Plea Bargaining: Necessary Evil Or Unconstitutional Retaliation For Exercising Right To Trial By Jury?Posted: January 19, 2013
The recent suicide of Aaron Swartz–the 26-year-old computer programmer wiz kid who faced serious charges for allegedly violating the Computer Fraud and Abuse Act–has energized a long running debate about the constitutionality and wisdom of a practice known as plea bargaining. A plea bargain is essentially a contract or agreement between the government and the defendant. The defendant agrees to plead guilty to a less serious charge in exchange for the prosecutor dismissing the more serious charges and/or agreeing to a reduced sentence. Proponents of plea bargaining argue that defendants are presented with a fair choice that they can freely make and that unnecessary trials are avoided, thereby reducing the burden on the courts and the government. Opponents argue that there is nothing fair or free about the choice that plea bargains present. Defendants are asked to make a choice under duress, with the proverbial gun to their head, because the charges and possible prison sentences they face if they don’t accept the plea bargain are draconian. The result is not the avoidance of unnecessary trials, but the imposition of an unconstitutional penalty on defendants who want to exercise their Sixth Amendment right to a trial.
Although I have been following the story closely, I have not posted anything about it because, as a civil attorney with limited criminal law experience, I haven’t felt that I had anything meaningful to contribute. After thinking about the issue for a while, however, I concluded that I could at least begin to gather in one place relevant articles about the Swartz case specifically, and plea bargaining in general. This post is the first manifestation of that effort. I will continue to update it as I do further research. I hope readers find the articles useful.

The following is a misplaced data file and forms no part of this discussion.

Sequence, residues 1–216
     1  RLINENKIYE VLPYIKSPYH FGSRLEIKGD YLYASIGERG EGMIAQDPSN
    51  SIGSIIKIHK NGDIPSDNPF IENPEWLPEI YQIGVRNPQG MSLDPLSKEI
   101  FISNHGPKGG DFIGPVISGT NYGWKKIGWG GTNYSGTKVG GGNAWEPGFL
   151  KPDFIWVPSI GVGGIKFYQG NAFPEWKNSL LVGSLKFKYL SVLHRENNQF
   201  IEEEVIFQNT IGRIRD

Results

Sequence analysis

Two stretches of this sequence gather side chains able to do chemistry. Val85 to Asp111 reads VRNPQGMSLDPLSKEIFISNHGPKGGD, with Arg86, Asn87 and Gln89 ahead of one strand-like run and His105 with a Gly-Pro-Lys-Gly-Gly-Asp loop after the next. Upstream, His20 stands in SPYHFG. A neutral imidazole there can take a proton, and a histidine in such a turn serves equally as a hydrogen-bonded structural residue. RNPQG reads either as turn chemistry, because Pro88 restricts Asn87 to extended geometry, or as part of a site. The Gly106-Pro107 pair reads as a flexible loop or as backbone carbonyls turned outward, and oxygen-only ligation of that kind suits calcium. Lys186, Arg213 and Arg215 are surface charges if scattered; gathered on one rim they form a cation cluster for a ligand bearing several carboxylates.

I. Links to articles about the Aaron Swartz case
Prosecutor as Bully (by Lawrence Lessig)
Former Massachusetts U.S. District Judge Nancy Gertner Criticizes Swartz Prosecutors
Carmen Ortiz Strikes Out (Harper’s Magazine)
II. Links to cases and articles concerning plea bargaining in general
Bordenkircher v. Hayes, 434 U.S. 357 (1978) (The leading U.S. Supreme Court decision on the constitutionality of plea bargaining)
The Prisoner’s (Plea Bargain) Dilemma (Cato Institute 2010)
The Case Against Plea Bargaining (Cato Institute 2003)
In Defense of Plea Bargaining (Cato Institute 2003)
Sentencing Memorandum by William G. Young (Chief Judge, Massachusetts Federal District Court)